I am a senior undergraduate and I am in the process of applying to physics graduate programs in the US.
Through my course of study, I've been excited about the interplay between physics and mathematics and studied mathematics up to graduate-level algebra, geometry, topology, functional analysis, etc. while pursuing a double major in mathematics.
I recently finished my first draft of SOP (Statement of Purpose). I stated that my experience in mathematics helped me grasp modern physics' mathematical formalism.
When I asked my colleagues to review my SOP, most of them said my mathematical background is "irrelevant and unimpressive," and they advised me to elaborate on my physics research experience.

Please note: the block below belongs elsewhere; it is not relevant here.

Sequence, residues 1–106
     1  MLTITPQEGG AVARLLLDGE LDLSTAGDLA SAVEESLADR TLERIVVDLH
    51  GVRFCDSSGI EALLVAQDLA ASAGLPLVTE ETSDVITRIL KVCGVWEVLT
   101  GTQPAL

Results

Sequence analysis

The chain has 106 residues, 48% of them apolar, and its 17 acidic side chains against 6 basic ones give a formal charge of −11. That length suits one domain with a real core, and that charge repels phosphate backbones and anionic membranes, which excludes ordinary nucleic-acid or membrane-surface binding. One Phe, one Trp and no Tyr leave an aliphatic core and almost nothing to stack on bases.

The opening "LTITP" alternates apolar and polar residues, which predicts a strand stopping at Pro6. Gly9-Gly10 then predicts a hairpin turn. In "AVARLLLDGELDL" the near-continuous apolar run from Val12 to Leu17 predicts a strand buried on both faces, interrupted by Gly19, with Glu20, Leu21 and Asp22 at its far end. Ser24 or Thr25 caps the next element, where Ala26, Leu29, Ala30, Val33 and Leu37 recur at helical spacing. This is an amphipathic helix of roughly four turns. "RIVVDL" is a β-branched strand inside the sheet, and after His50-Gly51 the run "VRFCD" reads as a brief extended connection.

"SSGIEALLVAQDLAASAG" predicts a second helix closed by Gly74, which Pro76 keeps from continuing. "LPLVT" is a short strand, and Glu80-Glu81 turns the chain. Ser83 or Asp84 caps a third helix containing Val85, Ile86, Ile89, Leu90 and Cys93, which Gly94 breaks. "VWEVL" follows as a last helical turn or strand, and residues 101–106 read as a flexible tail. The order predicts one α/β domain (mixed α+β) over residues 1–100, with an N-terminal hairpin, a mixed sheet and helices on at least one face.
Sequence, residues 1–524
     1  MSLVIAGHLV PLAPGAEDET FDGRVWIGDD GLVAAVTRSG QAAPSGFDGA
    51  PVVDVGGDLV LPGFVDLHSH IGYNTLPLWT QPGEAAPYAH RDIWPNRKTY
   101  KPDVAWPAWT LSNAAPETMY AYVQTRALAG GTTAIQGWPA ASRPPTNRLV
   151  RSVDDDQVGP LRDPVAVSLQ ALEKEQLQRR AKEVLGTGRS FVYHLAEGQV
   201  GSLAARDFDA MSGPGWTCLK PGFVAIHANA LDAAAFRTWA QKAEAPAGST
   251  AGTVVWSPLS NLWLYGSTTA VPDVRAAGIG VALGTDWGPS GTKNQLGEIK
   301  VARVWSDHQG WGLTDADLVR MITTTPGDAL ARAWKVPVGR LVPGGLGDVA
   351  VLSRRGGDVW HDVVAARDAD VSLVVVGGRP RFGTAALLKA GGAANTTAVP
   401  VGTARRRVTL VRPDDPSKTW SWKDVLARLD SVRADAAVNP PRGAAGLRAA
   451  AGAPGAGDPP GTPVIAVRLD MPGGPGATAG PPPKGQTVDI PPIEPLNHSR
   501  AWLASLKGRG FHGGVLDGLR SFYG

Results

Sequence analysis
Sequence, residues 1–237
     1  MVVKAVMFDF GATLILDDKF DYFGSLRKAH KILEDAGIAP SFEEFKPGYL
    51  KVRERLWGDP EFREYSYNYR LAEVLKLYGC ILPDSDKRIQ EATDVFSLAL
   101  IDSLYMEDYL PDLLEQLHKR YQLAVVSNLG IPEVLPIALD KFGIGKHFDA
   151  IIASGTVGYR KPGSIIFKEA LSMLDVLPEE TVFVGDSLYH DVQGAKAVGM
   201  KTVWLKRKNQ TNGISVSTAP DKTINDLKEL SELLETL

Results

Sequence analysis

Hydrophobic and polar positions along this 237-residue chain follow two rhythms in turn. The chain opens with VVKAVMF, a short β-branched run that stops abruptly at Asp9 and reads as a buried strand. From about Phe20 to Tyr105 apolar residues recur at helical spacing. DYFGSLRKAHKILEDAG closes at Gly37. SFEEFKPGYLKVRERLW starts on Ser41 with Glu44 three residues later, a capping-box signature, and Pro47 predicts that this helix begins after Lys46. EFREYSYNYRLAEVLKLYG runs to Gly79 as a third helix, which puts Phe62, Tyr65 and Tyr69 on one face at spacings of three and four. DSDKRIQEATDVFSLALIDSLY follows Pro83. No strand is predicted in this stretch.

I do have some research experience in physics, but it is rather weak. All I can say is that I attended the undergraduate research programs in both the physics and mathematics departments, and I wrote my theses there.
Admittedly, I didn't specialize in a specific research area in physics while pouring a lot of effort into completing a double major and exploring various subjects. Will this critically reduce my opportunities for being accepted to physics graduate school? What can I do to look appealing to admissions committees without exaggerating my experience?